From the author of Carry On, Mr. Bowditch, winner of the 1956 Newbery Medal, Jean Lee Latham writes an absorbing biography of Matthew Fontaine Maury, the man considered to be the father of modern oceanography.
In the early 1800s, the voyage from New York to San Francisco took six months. That was before Maury, a lieutenant in the US Navy, blazed a trail for ships to follow. The first ship to follow Maury’s directions based on his wind and current charts cut nearly two months off that time. Later, clipper ships cut that time in half.
For seven years Maury had fought against skepticism and bitter opposition, for the cooperation needed to gather data for his charts. Years later, at a worldwide peacetime conference in Brussels, which he organized in 1853, nine-tenths of the world’s ships were helping Maury collect data and blaze more trails.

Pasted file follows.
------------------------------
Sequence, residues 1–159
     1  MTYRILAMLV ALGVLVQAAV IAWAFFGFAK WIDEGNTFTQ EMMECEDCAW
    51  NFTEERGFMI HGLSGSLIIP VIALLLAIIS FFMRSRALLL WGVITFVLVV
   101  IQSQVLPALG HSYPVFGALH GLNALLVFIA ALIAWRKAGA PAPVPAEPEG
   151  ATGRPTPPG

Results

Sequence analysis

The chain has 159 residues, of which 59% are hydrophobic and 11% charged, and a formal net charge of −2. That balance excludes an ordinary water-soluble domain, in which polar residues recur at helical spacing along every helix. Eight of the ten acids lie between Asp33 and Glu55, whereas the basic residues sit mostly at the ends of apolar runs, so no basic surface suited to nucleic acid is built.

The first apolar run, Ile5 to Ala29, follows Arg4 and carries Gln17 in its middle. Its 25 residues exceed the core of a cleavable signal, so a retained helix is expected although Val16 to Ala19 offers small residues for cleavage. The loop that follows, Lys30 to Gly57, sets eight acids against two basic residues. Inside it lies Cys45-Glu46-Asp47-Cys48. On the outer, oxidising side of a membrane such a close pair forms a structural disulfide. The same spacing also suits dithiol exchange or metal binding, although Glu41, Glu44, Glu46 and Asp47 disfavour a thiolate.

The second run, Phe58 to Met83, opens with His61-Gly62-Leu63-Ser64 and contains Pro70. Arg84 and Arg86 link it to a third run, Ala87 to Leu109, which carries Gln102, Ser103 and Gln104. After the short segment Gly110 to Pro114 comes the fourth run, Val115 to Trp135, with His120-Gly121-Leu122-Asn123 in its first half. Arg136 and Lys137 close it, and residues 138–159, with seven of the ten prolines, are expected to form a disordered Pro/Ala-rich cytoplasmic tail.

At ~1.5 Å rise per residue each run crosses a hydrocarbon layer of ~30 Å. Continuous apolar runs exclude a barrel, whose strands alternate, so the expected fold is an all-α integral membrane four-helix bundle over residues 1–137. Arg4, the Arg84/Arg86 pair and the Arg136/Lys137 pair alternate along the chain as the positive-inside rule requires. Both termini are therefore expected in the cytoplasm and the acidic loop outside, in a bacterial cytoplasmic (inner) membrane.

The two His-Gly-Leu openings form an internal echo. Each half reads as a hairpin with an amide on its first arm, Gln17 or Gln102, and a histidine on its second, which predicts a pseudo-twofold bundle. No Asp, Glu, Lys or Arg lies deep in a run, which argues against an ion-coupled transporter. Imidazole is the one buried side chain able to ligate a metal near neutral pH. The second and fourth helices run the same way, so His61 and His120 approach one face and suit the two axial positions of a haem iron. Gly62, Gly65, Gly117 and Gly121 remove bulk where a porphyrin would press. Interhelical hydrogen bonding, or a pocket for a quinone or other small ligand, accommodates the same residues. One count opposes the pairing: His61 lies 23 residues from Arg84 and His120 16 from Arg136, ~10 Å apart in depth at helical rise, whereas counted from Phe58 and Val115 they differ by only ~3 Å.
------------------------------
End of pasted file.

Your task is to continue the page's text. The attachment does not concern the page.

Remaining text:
After the success of his charts, Maury blazed on with more new ideas: he campaigned for a Naval Academy, for better fortification of our southern ports, and separate shipping lanes for eastbound and westbound routes in the Atlantic to avoid deadly collisions.
Jean Lee Latham gives a warm, lively picture of the man and a clear explanation of his achievements. Victor Mays’ drawings are both powerful and authentic.
Disclaimer: Matthew Maury was born in the south during the time of slavery, he lived through the civil war and supported the Confederate States of America. That part of his life, including his views on slavery, are not in this book.
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